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    This has nothing to do with whether *I* think she was a slut, rather it was what seemed to be Peckinpah's attitude. Both female characters (Amy and the village girl) are presented as women who behave aggresively sexual and that leads to a bad outcome as if Peckinpah were punishing them for being sexual, for being "sluts". During the rape scene, I couldn't shake the feeling that Peckinpah on some level believes she was "asking for it (if she hadn't been such a tease, if she hadn't displayed her body, if she didn't have such a sexual appetite, it wouldn't have happened)". And I wouldn't go so far as to call their marriage "loveless"; strained definitely, what with David's frequent condescension towards her. However, there do appear to be *some* feelings between them (even if they are purely sexual; how often *does* Amy try to initiate sex with David in this film?). I have not "misunderstood" the film just because my views may not line up with what Peckinpah intended (remember, intent and effect are often very different).
     
  11. Kevin M

    Kevin M Producer

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    Yes, but your assertion that she was attacked because she was flirtatious/"she was a slut & deserved it" and therefore this is what Sam P. intended is incorrect, if you have the Criterion collection version of this film then I strongly suggest that you not only listen to the commentary but read the insert, it has Peckinpah's own words defending these very misinterpretations of the film back when it was originally released.

    For example, you realise that Dustin Hoffman's character was the real bad guy in the film, right?
     
  12. Daniel J.S.

    Daniel J.S. Stunt Coordinator

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    I've read the interview in the insert and I don't buy it. He can claim this or that until he's blue in the face about what he intended. What Peckinpah intended, or claims he intended, is of very minor importance; what is of importance is the images that are on the screen and how one perceives them. What I see presented are two females who attempt to transgress their culturally defined roles (long story short, the female has long been considered, by men of course, as belonging to the domestic sphere, submissive to their male partner) and are punished by the film-makers for it. Peckinpah, the screenwriters, et al. "put them in their place" as if to restore male dominance. If Stephen Prince reads it differently on the commentary, more power to him, but neither he, nor Peckinpah (nor I for that matter) are objectively "right".

    As for Hoffman being the bad guy in the film, it certainly comes across that way in the first two thirds of the film, where he is condescending to his wife and to the others in the village. Not to mention his refusal to stand up to the workers (remember the "pacifists are cowards" theme I mentioned?). As for when he turns violent, it can be interpreted that we are meant to be appalled by his actions; that Peckinpah is questioning traditional tropes of masculinity. However, we can also interpret that Hoffman is finally being a "man". That he is standing up for himself, that he has finally realized that he doesn't need a woman when he can be the big tough guy. The entire sequence is constructed like a big action set-piece with Hoffman taking on a team of villains. I wonder how many men unequivocally enjoy his sadistic acts and I wonder if Peckinpah knew they would react that way and played to that. It all seems to me like eating his cake and having it too: he fills the climax with crowd pleasing mayhem and then claims it's all meant to be a philosophical examination of violence and how it defines masculinity.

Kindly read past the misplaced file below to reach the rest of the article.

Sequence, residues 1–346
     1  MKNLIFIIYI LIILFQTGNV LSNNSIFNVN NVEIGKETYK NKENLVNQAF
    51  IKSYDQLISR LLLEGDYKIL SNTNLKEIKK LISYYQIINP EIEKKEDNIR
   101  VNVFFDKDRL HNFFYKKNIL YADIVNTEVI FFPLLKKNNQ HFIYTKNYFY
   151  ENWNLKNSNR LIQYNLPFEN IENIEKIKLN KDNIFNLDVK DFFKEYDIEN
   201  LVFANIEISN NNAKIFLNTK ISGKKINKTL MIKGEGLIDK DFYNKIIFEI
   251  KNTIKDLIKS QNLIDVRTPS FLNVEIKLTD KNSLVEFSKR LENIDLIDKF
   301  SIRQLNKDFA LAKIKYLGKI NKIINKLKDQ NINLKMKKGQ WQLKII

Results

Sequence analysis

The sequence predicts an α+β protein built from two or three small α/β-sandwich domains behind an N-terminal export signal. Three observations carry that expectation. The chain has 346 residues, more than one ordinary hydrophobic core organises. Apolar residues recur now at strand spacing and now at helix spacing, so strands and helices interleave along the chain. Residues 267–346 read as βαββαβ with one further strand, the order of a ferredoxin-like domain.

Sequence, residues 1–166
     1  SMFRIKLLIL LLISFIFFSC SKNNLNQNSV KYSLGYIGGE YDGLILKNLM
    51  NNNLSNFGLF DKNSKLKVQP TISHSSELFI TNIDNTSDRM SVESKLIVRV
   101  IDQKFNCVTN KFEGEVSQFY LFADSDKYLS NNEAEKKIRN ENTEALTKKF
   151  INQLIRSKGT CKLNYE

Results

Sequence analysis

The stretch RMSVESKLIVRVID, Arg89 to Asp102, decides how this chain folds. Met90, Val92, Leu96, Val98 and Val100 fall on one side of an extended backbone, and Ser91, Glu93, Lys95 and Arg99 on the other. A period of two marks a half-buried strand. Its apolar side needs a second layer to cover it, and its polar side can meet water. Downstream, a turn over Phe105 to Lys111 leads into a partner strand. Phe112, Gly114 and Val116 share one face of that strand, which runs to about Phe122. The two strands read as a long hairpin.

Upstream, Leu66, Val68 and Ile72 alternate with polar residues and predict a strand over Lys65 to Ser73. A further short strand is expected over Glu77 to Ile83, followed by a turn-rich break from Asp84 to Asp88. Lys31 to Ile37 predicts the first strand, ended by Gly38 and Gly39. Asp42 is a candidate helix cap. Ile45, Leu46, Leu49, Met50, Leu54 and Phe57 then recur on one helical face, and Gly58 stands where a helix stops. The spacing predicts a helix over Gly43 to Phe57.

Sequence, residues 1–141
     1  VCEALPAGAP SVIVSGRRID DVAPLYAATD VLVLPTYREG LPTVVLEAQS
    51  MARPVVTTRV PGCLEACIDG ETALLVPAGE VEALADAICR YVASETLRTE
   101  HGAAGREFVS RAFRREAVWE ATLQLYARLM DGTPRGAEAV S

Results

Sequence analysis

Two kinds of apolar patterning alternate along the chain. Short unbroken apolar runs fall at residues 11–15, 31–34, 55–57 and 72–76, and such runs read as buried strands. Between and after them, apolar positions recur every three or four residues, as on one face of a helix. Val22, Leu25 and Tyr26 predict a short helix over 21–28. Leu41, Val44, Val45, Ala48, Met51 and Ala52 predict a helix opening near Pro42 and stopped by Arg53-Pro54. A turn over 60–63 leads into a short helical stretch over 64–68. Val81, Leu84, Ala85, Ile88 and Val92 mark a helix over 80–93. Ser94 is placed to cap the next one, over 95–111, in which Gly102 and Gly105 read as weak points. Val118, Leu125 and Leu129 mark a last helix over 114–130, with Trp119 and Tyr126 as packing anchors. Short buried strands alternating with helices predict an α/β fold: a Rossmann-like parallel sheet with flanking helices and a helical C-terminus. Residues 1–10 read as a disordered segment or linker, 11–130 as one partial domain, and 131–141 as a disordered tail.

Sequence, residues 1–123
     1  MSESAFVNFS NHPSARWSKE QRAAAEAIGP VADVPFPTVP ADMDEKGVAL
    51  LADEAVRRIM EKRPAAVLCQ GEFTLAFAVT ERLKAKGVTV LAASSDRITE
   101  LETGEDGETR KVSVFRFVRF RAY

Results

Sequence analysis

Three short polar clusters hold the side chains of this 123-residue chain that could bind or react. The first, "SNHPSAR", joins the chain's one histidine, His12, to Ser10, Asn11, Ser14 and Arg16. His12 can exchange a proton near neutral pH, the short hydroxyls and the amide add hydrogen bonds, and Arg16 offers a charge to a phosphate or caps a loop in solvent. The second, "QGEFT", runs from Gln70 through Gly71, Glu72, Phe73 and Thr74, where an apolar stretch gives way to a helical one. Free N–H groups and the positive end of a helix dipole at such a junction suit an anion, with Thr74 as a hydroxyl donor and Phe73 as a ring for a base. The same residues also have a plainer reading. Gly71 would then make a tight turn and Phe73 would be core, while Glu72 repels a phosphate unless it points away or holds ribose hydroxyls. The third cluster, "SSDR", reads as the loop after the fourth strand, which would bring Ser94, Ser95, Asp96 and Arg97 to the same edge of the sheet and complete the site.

13. Haggai

    Haggai Producer

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    I don't the sequence quite works that way. Before she appears to succumb to Charlie, he's already slapped her twice, REALLY hard, pulled her by the hair, and ripped her blouse apart, and she's clearly not enjoying it. It's already a terrible violation before it ends with him moving over and letting Norman in on it.
     
  14. Kevin M

    Kevin M Producer

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    Now I am sorry but I never once in all the years I have known this film ever read it that way, IMO it possibly reveals a lot more about your feelings than Sam Peckinpah's & that I am sure would please Sam to no end.
    Can it be read that way? Yes but he also offers not so subtle hints at his dislike for this kind of "Redneck" behavior even in the depiction of the brother & sister's relationship, mildly misogynistic and male dominated, I agree that these women (more so for Amy then Janice IMO) went against their "rolls" of the time and place but how you interpret this in the film as Peckinpah's way of agreeing with the violent behavior that it resulted in is beyond me.

    To each their own interpretation I suppose, but I flat out disagree with yours regarding this film & it's director.
     
  15. Kevin M

    Kevin M Producer

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    Nothing is B&W in this film, in fact none of the characters are particularly good or evil for any length of time in the film, & as far as David's violence being a positive statement about masculinity, look at how he portrays all the other supposedly "masculine" men in the film, not exactly positive.
    The film asks a lot of questions that are very difficult to answer to be sure but I feel he gives you enough to understand that violence is not the answer.